With apologies to NPR’s excellent Wait Wait…Don’t Tell Me! program for the blog title.
A frequent topic here will likely be weight loss. About 9 months ago, while I was walking up some stairs, I told myself “This is ridiculous. I don’t want to be fat anymore”. Since then, I’m having a fair amount of success and it feels good. When you lose a significant amount of weight, people will ask you about it. This was something that I was not prepared for and something that is not easy for me. Small talk is not one of my strengths and my answers tend to get into the philosophical.
There are 2 typical questions I get asked and how I tend to answer it and how I’d like to answer it if I was a chatty person.
How much weight have you lost?
Answer: I don’t know.
This is the most common question I get. Obviously. However, when I set out on my journey of weight loss, I didn’t care about pounds. My measure of success was 1) ability to walk a flight of stairs without being winded; 2) pant size; 3) how happy I was to look at myself in the mirror. I didn’t, and haven’t stepped on a scale. When I went to the doctor, I asked him to not tell me my weight. I have no idea how much I weighed when I started, nor how much I weigh now. So I can’t even do the calculation.
This response tends to go one of two ways. Either a longer conversation about why I don’t know or the inquisitor gets insulted. Yes, I’ve offended people by saying “I don’t know”.
How did you do it?
Answer: Um. How serious are you for this answer? Because I’ve got a few.
My first answer to this is: “I stopped eating like an idiot.” Sometimes I’ll add a little more: “I stopped eating like an idiot and I exercise a bit more.” For people who have never had a problem with weight, that is normally a sufficient answer. Because, to be fair, it is true. The formula for weight loss isn’t complicated: calories out > calories in = weight loss.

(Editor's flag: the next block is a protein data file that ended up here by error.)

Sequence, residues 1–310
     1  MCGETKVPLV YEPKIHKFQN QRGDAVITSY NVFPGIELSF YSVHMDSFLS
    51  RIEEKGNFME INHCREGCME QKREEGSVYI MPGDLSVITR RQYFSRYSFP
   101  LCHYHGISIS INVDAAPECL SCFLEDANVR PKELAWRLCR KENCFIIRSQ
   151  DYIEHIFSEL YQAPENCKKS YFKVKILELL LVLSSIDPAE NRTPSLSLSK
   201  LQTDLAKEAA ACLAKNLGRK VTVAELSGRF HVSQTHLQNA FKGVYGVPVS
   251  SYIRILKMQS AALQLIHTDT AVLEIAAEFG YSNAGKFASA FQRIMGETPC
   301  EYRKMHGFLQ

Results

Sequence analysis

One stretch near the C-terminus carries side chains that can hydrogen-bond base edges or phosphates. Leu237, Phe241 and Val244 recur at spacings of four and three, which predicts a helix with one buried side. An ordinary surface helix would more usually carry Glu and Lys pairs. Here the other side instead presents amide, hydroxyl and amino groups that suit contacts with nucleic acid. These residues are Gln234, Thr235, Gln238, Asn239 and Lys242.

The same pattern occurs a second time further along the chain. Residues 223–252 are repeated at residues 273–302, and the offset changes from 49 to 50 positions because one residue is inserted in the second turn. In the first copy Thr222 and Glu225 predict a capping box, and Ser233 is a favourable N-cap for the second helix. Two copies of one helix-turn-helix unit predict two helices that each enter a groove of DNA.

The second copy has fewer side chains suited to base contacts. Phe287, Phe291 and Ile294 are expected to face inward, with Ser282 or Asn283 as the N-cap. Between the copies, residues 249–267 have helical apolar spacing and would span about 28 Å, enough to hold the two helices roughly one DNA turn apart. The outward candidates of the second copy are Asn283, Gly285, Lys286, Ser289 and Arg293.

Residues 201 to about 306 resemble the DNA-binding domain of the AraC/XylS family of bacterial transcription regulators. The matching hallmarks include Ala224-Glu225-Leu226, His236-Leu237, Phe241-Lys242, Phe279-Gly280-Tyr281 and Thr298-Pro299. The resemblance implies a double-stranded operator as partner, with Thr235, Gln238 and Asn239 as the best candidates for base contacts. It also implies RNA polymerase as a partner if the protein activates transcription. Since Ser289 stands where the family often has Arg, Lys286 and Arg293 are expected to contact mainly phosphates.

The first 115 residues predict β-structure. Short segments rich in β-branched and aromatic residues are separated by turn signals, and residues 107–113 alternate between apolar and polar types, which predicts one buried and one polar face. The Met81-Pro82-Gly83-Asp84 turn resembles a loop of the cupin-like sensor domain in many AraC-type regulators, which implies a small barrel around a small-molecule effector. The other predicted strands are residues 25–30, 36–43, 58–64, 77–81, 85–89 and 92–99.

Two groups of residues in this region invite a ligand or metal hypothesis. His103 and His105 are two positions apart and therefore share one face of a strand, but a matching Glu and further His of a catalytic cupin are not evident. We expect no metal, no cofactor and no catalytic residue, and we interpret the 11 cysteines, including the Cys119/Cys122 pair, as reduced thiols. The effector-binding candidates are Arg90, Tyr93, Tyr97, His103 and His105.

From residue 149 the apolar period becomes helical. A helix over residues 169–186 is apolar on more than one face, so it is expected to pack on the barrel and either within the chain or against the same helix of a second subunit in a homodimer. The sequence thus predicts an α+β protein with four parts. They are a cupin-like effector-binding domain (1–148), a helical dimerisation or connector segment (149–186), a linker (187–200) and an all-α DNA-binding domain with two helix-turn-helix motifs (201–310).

But for individuals who are fighting, or want to fight, the weight demon, the question has a lot more meaning to them. Those individuals –my peeps– ask the question with a hint of pride or hope in their voice. Occasionally, it is almost a cry for help. These are the difficult ones. For me, and I’m not a doctor, dietitian, nor physical trainer so I can only speak for me, the parts that I think would be helpful are difficult to explain. But it is three part answer.
First is to do it. Fuck you Nike for your corporate branding of an excellent self-help phrase. Action is better than talk. Action is better than planning. Commit then take action. Maybe that first step is a single push-up in the morning. Maybe that first step is parking one row further away in the parking lot. Make that action trackable. Then track it.
Tracking it is key. Get a pocket notebook and a pencil or pen (pens are awesome) and document your action. Sure you can use your phone and some app but I suggest getting a folder and pen you’ll like to look at. Item memory is what we want. When we pull out our kick-ass notebook with a sticker we like on it and a bitchin’ pen, we know we are documenting success. Write down what you eat. Write down any exercise. Write down your thoughts on your progress.
If you aren’t having thoughts about your process, you haven’t committed. There are many thoughts we have about our journey: Did you eat one of the cookies that someone brought to the office? Why or why not? Your friend is having a birthday, why it is okay to have a few bites of cake. Why did I feel hungry a 1430 after being successful for so long?
Next is find a system that works for you. This is where people who have never had to fight with weight control get it wrong and tend to become flippant. It can be difficult to find a plan. But we are on a journey and we can explore to find what is best. While we give our plan some time, we aren’t afraid to change our plan if we aren’t getting results. If it is too difficult for us maintain discipline. A big don’t here is to treat any plan as if it were a religion.
Personally, I primarily do 3 things: 1) intermittent fasting; 2) decrease sugar intake by, well, a lot; 3) Commute by bicycle as often as I can. I’ve just started adding an exercise routine in but am still in the trial and error phase.
Finally every night before we go to bed, we reflect on day. We pull out our journal and mark successes and we mark failures. Record that in a second journal. My personal reflection is a conversation to myself. Sometimes it is as small as an affirmation that I am on the right track. Sometimes it is a multiple page rant to myself about why I failed.
Important to note that we don’t lie to ourselves when we document and reflect. We are honest, brutally so, with ourselves. We don’t hate ourselves. We are on this journey because we love ourselves.